This happened for quite a few days. The people could speak of nothing but the wailing. In the crowded bars and in the marketplace. In the church premises. And this time not bothering to keep the children away. They came up with several theories. Some said it was some bird that had come from some distant land and was looking for a mate. Some others said it was a sign. An omen. Maybe some evil would befall this quiet village. Someone remembered that a man had died a very painful death not too long ago. He had been buried in the church cemetery. His name was Michael Gomes. Maybe it’s his soul they said. One that had not rested in peace.
And the people stuck to this theory. They began to get paranoid. They started to fear their own shadow at twilight. Soon the bars lost their attendance. And in the evenings, the roads were deserted. Mothers forbade their children to go outside to play.
Of course, Benjamin heard. And laughed his head off. “Honestly!” he said to himself. “Do they think they can shut themselves up forever? Silly cowards!”
Looks like the same thought had crossed the minds of the Parish Council. They agreed that something needed to be done. And after a session of brainstorming, they decided on the action plan. They summoned the youth of the church, who obediently gathered in the front yard one fine evening.
“When this… this…. cry begins,” said the priest. “I want three groups to head toward the three different mountains. Move up the mountains and chase that creature.”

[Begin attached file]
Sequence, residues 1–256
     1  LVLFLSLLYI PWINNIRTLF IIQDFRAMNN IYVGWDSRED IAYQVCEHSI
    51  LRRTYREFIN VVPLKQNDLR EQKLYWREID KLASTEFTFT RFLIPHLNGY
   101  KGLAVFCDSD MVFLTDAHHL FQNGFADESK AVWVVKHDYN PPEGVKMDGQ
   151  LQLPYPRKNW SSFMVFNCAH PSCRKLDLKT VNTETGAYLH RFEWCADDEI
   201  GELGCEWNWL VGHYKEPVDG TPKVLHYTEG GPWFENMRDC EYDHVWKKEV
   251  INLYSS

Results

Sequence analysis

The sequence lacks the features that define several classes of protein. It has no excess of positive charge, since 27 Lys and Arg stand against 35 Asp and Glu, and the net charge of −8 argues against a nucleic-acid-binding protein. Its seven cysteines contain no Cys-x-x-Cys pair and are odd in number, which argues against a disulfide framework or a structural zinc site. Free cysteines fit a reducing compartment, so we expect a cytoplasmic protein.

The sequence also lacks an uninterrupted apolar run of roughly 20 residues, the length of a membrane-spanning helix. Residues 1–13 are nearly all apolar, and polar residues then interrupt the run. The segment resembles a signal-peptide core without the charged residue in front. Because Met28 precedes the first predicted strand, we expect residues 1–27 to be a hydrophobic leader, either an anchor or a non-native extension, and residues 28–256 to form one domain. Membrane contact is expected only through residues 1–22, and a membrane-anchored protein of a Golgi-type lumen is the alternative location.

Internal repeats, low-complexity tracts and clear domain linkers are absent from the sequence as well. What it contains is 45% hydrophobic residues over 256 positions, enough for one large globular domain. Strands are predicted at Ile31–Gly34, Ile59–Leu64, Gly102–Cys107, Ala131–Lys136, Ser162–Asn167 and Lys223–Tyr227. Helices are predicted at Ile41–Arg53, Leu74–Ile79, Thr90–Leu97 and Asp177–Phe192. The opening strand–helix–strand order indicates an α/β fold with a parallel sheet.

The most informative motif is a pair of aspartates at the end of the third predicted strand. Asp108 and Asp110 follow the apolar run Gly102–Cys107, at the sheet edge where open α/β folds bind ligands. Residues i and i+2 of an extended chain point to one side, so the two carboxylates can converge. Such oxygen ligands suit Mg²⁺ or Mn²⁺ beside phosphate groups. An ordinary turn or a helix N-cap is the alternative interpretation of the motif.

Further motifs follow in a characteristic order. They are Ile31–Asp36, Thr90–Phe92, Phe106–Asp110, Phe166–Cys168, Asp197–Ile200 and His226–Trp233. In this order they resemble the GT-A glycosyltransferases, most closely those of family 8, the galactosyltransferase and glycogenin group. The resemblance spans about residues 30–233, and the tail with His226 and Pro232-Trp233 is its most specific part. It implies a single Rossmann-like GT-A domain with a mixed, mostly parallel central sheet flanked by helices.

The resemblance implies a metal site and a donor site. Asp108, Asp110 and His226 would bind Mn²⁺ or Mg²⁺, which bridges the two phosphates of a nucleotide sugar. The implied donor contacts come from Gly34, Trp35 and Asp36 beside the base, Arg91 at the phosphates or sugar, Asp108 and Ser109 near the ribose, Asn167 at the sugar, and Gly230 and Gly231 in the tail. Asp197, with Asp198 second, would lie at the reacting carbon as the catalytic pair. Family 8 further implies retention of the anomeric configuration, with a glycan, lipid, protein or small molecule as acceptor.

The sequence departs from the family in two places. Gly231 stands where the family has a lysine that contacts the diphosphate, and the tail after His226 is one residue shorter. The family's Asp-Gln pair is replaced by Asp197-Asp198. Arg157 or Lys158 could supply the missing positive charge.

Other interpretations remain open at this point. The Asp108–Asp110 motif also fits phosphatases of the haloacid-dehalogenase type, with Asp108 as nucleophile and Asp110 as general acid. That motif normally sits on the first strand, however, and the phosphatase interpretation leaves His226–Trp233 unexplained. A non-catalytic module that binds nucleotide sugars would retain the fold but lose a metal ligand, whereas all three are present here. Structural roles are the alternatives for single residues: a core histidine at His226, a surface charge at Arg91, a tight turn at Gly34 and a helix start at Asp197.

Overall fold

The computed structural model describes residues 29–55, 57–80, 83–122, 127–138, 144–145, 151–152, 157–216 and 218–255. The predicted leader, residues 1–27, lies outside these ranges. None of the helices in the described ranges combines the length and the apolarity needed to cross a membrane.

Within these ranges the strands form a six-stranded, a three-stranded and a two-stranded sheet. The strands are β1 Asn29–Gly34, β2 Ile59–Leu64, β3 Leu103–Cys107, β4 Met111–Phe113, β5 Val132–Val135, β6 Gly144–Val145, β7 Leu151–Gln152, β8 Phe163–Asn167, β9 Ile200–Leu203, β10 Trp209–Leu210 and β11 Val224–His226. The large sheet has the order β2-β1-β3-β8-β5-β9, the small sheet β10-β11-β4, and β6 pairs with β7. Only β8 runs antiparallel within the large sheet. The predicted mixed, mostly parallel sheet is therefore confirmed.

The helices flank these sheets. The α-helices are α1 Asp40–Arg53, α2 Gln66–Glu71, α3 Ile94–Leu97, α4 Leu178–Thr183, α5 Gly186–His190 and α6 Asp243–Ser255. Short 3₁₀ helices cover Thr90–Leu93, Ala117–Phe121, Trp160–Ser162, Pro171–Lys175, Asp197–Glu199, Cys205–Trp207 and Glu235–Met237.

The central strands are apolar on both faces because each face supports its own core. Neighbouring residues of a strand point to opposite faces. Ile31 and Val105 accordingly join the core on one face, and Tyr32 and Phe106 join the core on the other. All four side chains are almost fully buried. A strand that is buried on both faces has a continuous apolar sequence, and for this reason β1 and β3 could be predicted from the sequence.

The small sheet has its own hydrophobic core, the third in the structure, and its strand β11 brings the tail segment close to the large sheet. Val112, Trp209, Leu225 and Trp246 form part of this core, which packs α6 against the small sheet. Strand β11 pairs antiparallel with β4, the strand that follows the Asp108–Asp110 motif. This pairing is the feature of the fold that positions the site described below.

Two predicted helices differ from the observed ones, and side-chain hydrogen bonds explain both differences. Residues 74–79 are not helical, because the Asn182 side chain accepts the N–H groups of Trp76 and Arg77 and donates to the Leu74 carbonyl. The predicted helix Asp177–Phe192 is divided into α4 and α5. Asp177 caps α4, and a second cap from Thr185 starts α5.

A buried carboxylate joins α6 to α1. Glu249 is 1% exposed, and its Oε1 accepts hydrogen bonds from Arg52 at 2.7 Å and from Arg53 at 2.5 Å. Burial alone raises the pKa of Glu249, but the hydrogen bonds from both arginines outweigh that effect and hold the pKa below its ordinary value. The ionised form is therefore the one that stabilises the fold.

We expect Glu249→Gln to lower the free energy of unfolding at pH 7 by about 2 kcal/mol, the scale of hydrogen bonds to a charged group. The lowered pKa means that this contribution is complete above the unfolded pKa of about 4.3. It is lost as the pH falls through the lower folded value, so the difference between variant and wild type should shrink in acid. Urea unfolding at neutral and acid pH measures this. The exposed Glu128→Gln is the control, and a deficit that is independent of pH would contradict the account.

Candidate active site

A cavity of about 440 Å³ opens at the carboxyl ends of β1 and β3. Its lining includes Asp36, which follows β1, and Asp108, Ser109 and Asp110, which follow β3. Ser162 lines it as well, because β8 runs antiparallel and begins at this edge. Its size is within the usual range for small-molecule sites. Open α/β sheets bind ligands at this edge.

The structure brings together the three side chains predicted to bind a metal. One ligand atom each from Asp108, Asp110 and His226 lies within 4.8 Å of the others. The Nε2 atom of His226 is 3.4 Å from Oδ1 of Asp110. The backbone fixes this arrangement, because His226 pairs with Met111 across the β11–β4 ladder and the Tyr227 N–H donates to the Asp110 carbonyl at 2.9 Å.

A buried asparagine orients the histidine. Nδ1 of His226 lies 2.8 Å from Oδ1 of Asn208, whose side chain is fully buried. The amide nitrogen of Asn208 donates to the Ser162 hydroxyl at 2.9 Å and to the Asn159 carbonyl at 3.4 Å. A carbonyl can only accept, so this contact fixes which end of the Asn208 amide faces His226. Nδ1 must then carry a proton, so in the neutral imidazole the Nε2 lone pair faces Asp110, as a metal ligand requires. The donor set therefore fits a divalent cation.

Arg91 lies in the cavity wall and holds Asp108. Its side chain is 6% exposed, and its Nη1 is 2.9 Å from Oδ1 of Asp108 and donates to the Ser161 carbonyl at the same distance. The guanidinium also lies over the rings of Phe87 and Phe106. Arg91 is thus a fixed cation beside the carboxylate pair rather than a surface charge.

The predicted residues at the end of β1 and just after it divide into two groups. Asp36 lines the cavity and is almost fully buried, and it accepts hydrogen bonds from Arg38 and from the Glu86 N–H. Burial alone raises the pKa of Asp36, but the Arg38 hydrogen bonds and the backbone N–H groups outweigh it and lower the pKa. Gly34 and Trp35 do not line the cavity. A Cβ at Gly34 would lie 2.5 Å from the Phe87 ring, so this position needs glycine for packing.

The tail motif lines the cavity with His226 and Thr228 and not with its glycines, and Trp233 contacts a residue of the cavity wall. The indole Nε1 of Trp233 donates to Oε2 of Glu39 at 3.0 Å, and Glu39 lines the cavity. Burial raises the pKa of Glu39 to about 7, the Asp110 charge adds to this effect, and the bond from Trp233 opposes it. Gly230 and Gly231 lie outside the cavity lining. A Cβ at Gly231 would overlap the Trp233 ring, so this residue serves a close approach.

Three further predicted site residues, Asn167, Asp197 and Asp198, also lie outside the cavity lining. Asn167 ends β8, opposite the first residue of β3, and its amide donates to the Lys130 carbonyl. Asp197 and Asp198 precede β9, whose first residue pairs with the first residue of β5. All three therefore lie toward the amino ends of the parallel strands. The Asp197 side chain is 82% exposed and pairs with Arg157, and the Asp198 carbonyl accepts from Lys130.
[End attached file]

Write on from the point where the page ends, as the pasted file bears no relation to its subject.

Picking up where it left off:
“And you Father? What are you going to do?” asked one young man.
“I want a couple of men to come with me.” said the priest wiping his perspiring forehead with the sleeve of his cassock. ” We shall proceed to the cemetery.”
The men exchanged looks. Apparently they admired the guts of the priest.
“We have to solve this mystery today.” he said. “Now go. May God be with you.” They set out with the vigor that comes naturally to young men faced with adventure. The Parish priest and five other men started out to the cemetery. It was dark.
No sooner had the men stationed themselves at the foot of the hills, than the cry began. Sounding twice as terrible to the anxious crowd. They ran up the hills leaving behind clouds of dust. Shouting to each other and trying to decipher what each one was saying in the chaos. It was pandemonium.
“What is it? Where is it?” they asked breathlessly. And to their utter shock and disappointment, they found nothing.
Nothing. Despite the fact that the wail was now closer, louder, and more dramatic, being magnified at the hilltops and echoing in the distance.